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C’est mon puzzle préféré. Il est vraiment original par rapport aux autres problèmes.
Very original and fun one. At first I was like “OCR? It’s impossible that I will complete it!” but in fact it’s pretty simple in realisation. At first I came up with solution that timed out at 11th test with only ~30% notes recognised (somewhere about 800ms). By converting input image to more convenient format and using operations on raw memory I reduced execution time to ~1-2 ms in test 11th. This is the power of optimalization!
Typo dans la VF de l’énoncé : “dans le continuum espace-temp” => il faut mettre un “s” à “temp”
The base PHP code for reading data is wrong :
$IMAGE = stream_get_line(STDIN, 256, “\n”);
=> doen’t read the entire line but only first 256 chars and that’s not enough.
Also the button “I need help” doesn’t link to this page
Thanks for the puzzle @FredTreg, I’m a proud owner of 100% music score!
This puzzle is a lot of fun (in contrast to each and every other puzzle in the very hard section), original, and relaxing. Algorithm is simple to find but hard to pinpoint which variable you need in the first place, but once you figured it out, it all comes together like a good jigsaw.
Same thing for the C code, it doesn’t read the entire line.
Done. We just found out about this forum page not being correctly linked. Better now than never.
In constraints it says that notes are separated by at least 1 pixel, but in test case 11 thats not case.
That’s not a note, that’s a ledger line.
They mean it this way.
The epsilon area is at least one pixel wide. In other words, between every two nodes is a slice that is at least one pixel wide and contains only lines. I hope that’s not too much of a spoiler.
No. Test 1 contains only AQ. The example has AQ and DH
very interesting challenge, not easy to solve without the good data structures. My original algorithm was slow but resistant tonoise, while the last one was fast but very sensitive to noise.
Just a remark about 2 mistakes on the french version:
2 unit tests (and corresponding images) have a wrong name: “Que des noires sans do” and “Que des blanches sans do”. That imply there isn’t any “DO” (=C in anglosaxon notation) but they both have some DOs. First one has 5 DOs.
My solution is 100% deterministic and guaranteed to find the correct answer, as long as the notes are not (much) taller than the line period. Noise is not an issue at all. I did at a time have some problems trying to fit my circle aliasing to the one in the tasks, but in the end I did not depend on that at all.
I do wonder, however, whether anyone has found a completely waterproof method for determining the position and dimensions of the staff with less than O(H^4) time complexity, where H is the height of the image. The time usage is well within the acceptable range for the images in the puzzle, but for a more general case, a more efficient method may be needed. I understand that approximate methods can solve the problem in a short time, but I demand a bulletproof method that can be proven to handle correctly every problem instance that adheres to the specification. Edit: When I think about it, considering @chr-m’s post above, finding the position and dimensions of the staff is possible with much lower time complexity by, for instance, applying a run-length encoding to each column and looking for patterns that consist of a long white space followed by 4 or 5 cycles of LW B’s and LP-LW W’s, then 0 or 1 LW B, then a white space.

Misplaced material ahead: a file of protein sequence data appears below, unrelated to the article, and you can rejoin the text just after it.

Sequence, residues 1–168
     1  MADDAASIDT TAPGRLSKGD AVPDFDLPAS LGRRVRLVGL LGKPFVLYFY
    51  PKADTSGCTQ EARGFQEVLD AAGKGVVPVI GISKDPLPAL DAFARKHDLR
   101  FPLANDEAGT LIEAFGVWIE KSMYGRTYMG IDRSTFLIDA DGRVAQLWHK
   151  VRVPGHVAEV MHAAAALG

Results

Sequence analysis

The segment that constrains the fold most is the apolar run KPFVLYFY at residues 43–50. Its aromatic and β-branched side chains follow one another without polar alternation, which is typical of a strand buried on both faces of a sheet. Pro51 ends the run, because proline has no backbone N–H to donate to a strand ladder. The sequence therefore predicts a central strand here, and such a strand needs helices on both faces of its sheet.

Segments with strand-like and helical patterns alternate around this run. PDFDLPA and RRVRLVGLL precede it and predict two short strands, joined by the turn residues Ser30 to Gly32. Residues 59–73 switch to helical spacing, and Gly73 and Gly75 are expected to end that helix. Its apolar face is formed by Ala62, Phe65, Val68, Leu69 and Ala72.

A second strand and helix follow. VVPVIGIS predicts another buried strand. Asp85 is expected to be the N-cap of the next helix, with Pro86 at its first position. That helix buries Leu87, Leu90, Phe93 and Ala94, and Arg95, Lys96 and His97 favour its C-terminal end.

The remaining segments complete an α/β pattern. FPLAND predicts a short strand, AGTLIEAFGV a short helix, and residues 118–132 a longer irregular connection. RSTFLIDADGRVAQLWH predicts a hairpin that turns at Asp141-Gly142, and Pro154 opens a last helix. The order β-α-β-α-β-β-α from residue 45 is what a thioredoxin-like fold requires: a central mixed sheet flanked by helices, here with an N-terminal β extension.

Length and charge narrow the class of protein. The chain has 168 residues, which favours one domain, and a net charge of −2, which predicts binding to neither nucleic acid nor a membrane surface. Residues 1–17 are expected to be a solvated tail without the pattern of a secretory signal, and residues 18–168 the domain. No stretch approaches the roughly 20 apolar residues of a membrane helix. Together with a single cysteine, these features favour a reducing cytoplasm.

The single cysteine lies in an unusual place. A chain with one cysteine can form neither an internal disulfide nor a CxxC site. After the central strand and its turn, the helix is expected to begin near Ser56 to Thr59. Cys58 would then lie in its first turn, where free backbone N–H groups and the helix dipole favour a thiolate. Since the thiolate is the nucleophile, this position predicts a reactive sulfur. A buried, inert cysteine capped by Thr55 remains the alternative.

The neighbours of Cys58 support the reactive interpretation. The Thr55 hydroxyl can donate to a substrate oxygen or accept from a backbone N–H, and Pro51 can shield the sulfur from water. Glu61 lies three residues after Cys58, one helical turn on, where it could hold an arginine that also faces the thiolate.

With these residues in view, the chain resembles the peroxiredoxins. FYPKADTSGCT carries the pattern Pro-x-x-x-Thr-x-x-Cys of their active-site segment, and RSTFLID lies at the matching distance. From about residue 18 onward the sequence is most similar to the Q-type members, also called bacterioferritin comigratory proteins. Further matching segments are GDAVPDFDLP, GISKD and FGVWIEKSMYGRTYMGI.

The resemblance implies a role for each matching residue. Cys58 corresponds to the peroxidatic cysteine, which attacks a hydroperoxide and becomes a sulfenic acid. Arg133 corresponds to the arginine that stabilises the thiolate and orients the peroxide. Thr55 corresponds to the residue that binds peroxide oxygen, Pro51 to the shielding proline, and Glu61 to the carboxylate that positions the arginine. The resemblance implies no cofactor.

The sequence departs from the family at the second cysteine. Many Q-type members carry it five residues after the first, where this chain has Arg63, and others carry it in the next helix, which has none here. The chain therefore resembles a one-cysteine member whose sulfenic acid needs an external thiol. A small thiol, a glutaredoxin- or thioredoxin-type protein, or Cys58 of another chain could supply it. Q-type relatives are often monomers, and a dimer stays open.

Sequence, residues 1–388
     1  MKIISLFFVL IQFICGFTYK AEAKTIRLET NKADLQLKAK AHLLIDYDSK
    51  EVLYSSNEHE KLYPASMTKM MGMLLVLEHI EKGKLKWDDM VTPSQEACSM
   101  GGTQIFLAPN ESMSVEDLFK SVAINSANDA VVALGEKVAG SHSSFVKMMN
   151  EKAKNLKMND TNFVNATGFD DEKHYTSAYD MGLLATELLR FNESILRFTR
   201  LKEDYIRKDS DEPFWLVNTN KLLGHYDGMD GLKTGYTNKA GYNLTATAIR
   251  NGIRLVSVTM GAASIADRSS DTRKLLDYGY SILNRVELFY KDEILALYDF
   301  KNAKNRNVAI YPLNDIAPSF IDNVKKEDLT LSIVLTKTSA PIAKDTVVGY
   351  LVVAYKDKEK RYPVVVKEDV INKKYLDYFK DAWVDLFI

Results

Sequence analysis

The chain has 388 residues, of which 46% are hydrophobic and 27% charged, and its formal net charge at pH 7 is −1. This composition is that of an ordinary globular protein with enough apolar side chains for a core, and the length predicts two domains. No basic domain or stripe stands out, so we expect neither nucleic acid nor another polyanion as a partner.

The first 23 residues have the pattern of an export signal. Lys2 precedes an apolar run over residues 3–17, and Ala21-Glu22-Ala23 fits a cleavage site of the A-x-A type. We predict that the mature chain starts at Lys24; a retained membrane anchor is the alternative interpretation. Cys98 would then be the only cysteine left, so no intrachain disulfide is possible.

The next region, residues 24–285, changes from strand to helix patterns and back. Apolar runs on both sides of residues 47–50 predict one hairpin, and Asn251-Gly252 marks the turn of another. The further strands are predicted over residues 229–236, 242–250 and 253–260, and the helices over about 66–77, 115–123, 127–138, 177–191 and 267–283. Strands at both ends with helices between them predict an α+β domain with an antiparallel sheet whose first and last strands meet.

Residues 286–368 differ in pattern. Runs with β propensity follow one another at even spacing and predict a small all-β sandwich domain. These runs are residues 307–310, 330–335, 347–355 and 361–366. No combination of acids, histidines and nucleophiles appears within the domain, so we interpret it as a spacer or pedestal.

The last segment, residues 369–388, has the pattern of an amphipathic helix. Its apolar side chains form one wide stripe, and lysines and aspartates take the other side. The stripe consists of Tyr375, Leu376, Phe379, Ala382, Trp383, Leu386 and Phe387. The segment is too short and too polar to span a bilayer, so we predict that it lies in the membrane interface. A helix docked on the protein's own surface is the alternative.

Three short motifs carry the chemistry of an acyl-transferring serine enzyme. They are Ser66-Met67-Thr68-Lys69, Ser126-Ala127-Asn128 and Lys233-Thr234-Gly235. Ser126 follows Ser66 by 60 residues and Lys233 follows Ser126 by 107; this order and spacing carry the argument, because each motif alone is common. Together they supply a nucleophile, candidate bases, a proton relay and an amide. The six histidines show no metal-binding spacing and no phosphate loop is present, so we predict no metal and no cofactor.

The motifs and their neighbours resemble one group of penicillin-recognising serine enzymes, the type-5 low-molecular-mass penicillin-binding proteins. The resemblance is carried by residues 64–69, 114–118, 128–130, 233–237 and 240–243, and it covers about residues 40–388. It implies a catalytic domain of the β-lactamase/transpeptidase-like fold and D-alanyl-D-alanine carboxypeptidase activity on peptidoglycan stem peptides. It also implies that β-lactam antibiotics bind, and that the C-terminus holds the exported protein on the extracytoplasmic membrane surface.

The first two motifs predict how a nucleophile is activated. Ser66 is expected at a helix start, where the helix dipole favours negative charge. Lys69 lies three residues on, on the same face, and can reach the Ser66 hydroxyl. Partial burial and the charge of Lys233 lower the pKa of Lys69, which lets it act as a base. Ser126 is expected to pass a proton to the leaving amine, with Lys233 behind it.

Now I would like to propose an additional challenge (which I personally will try to avoid): Make a solution that runs through the input once, stores an amount of information that scales only with the width and not with the height, and outputs the answer in O(W*H) time. (I have not analyzed the published solutions to see if any of them qualify.)
by ‘noise’ I meant the random presence of white and black pixels, which xwould change dramatically the difficulty of the problem.
FYI, my code is in O(W*H) in time and space, with a small constant, but it has to run twice on the data, the first pass is to identify where are the lines, and the second to extract the notes. I also implemented an algorithm based on morphological analysis that could do this in one pass and with noise, it was running effectively on my PC, but was too slow for the coding game.
Nice task I used columns scanner, checking each column, one by one, extracting the columns with notes and then analyse the middle column for each note.
What does the statement “Encoding is done from top to bottom” mean?
Does it mean that:
- encoding is done starting from the top row (left to right), followed by the second row from the top, etc. till we reach the bottom row,
- encoding is done by column (top to bottom), starting with the left column, followed by the second column from the left, etc.?
It means “encoding is done starting from the top row (left to right), followed by the second row from the top, etc. till we reach the bottom row”. You may refer to the images (link in the puzzle statement) and compare them with the test case inputs to have a better idea.